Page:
Although summer may seem faraway, sleepaway camp can be an exciting thing for kids and parents to look forward to – and it’s never too early to start gathering information and beginning to plan.
Susie Lupert, executive director of the American Camp Association, NY and NJ says that while there will be many changes due to COVID the fundamentals of the camp experience including kids gaining independence and confidence remain the same.
“Last summer, a number of overnight camps were able to operate in the northeast and they did so successfully by mitigating the risk of COVID in the camp environment,” says Lupert. “It’s too early to tell exactly what changes will need to be implemented for summer 2021 but there is a blueprint on how to run safely.”
Testing, cohorting, additional hand washing and sanitizing, daily health screenings, increased disinfecting of camp and masks when social distancing among cohorts can’t be maintained are just some of the strategies camps will be using.
The Importance of Disconnecting at Camp
“Camp feels more important than ever this year for children,” says Lupert. “So many children have been home from school learning remotely and are missing out on so many things that contribute to a child’s growth. They aren’t socializing the same way or trying new activities. Kids are around their parents a lot this year, not allowing for the healthy separation that lets children gain independence and make their own decisions. Camp provides so many of these opportunities and also gives children the chance to be part of a structured, safe environment.”
Adam Baker, owner/director of Camps Equinunk and Blue Ridge says there’s no more important time for kids to be in camp due to the social learning loss brought on by COVID.
“Camps offer an opportunity for an immersive social environment,” says Baker. “There has been loss in relationships and how we learn to make friends. It’s about the emotional development of the child.”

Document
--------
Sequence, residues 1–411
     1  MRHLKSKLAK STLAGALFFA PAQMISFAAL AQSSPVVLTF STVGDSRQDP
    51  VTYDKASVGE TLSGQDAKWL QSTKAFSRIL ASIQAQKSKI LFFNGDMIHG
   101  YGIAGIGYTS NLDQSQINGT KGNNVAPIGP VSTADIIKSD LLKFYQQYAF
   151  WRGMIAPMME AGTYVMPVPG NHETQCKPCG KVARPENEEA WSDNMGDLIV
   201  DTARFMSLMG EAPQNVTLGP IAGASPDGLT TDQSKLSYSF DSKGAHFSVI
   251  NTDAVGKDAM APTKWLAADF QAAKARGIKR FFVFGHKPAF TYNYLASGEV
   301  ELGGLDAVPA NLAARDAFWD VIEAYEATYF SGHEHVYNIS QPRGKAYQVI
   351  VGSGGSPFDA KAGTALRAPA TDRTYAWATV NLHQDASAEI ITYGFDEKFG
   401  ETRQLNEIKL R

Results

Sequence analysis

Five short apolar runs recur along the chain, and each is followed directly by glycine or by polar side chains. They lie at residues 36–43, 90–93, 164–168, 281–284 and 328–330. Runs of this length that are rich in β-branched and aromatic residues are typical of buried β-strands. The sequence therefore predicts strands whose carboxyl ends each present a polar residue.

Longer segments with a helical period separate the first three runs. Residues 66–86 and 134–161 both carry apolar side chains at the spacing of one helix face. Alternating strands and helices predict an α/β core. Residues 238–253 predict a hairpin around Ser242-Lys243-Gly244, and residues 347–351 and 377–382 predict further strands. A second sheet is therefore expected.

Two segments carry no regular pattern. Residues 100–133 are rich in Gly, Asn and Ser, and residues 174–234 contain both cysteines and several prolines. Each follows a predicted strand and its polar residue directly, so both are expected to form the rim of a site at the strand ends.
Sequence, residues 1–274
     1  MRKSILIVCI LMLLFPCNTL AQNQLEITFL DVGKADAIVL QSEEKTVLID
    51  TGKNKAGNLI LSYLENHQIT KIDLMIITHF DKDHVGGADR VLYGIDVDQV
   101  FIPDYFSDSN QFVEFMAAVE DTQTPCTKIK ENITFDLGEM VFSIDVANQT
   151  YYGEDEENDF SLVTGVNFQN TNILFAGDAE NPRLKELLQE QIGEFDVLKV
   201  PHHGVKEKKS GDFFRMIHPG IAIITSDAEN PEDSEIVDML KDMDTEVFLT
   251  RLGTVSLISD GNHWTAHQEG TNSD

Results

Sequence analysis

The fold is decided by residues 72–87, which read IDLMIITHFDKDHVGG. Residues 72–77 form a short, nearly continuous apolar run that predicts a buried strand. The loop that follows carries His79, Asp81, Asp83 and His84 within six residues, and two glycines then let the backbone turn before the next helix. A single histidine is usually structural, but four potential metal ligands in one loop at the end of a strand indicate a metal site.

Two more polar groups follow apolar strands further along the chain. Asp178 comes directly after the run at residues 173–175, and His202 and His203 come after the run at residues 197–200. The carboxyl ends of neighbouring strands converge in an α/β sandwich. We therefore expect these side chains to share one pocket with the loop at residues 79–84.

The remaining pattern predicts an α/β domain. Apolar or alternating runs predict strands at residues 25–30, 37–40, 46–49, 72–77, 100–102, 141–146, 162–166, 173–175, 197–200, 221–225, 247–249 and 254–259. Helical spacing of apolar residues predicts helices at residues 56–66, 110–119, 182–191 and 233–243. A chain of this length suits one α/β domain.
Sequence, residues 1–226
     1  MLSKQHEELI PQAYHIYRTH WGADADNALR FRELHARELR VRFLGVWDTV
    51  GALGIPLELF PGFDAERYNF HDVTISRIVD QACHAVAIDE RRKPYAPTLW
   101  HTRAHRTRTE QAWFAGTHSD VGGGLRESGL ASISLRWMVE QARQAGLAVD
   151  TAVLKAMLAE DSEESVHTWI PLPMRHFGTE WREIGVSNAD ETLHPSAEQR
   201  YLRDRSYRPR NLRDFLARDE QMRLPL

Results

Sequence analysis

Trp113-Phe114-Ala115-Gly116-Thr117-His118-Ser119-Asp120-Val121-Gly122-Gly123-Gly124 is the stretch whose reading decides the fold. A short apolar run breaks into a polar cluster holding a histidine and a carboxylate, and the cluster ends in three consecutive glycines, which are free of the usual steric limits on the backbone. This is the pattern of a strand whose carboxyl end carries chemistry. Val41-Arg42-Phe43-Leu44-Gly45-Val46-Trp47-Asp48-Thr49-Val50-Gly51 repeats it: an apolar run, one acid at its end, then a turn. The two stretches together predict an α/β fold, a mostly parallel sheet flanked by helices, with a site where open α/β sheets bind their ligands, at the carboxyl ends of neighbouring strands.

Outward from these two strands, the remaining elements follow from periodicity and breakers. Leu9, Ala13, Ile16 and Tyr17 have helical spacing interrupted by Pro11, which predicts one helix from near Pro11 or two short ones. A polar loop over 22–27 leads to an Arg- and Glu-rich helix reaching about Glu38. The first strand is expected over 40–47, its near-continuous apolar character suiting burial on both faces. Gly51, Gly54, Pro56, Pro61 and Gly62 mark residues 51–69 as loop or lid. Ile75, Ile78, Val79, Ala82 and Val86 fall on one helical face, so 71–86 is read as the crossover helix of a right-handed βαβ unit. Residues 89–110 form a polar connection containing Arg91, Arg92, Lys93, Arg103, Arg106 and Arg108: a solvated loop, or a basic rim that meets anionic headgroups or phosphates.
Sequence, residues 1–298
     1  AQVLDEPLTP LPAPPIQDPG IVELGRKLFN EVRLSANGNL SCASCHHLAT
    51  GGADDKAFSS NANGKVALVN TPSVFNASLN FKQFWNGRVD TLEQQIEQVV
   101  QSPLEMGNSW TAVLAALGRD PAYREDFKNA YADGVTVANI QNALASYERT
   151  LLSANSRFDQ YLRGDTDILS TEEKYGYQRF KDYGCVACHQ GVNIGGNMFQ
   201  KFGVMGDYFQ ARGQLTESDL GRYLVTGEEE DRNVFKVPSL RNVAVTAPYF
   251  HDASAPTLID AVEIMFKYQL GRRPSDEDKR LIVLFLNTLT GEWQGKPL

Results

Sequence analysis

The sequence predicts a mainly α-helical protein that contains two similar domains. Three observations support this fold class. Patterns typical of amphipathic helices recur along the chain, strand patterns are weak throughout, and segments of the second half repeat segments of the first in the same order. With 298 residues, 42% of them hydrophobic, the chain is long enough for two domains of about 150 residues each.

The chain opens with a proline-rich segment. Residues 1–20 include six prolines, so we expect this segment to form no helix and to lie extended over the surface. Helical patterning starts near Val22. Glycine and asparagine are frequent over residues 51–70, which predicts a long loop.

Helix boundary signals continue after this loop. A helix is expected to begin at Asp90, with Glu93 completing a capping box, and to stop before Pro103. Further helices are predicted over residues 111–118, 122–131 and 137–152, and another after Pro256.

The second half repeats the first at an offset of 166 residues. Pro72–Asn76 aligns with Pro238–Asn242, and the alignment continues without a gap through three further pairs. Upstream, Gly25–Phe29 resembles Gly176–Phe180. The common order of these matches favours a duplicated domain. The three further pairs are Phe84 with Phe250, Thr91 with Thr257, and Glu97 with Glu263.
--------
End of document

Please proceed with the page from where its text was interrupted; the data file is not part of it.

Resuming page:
Nicki Fleischner, assistant director at Camp Scatico says that camps are slowing down and taking a back-to-basics approach.
“It’s not about cramming as many full-camp activities into a session as possible, or about all the bells and whistles, but just about campers and staff growing and playing together, screen-free, in the outdoors,” she says. “There is a renewed appreciation for the true essence of camp.”
Signs of Readiness
Even pre-COVID, the decision to send your child to sleepaway camp is a big one. Lupert says that if your child seems excited when you mention overnight camp that’s a good sign they are ready.
“This doesn’t mean they won’t be nervous (or that you won’t be) but it’s a good first step,” she says. “Successful overnight campers are often children who are interested in making new friends, trying new activities and have had successful overnights away from mom and dad. You also want to make sure your child knows how to shower themselves and take care of their own personal hygiene.”
“A concern we frequently get from parents is that their child will be shy about advocating for their needs and won’t speak up when they are feeling off, having an issue or need something,” says Fleischner. “Of course, every child is different, but on the whole camp fosters an environment that empowers kids to be vocal, and staff are trained to keep their eyes and ears open.”
Baker says that in a way, first-time campers will be at an advantage because they have no point of comparison as to what camp looked like pre-COVID. He says now is a great time to start gathering information so that you don’t need to make a rushed decision.
“Reach out to camps, speak with the directors, make those connections,” he says.
Protocols in Place
“For the summer ahead, camps are preparing for a world with or without a vaccine and implementing the necessary protocols to make camp safe for every member of our community,” says Fleischner. “At residential camps, we are learning tremendously from camps who operated in 2020, and how to effectively screen before camp and upon arrival and then maintain a bubble throughout the summer. Of course, things are still evolving, but for residential camps, it seems testing, podding, masking when indoors or mixing pods and limiting off-site experiences and visitors will be key.”
Baker says that the overall feeling about summer 2021 is one of optimism. He says that camps have been learning best practices from the ACA through webinars and other methods of communication. “Make sure to get your child in an ACA accredited program,” he advises. “They go way beyond what the states require.”
Overall, the best thing parents and kids can do is to start exploring options and to give themselves something to look forward to and get excited about.
“This summer is a big undertaking, and we have the people to do it,” says Baker.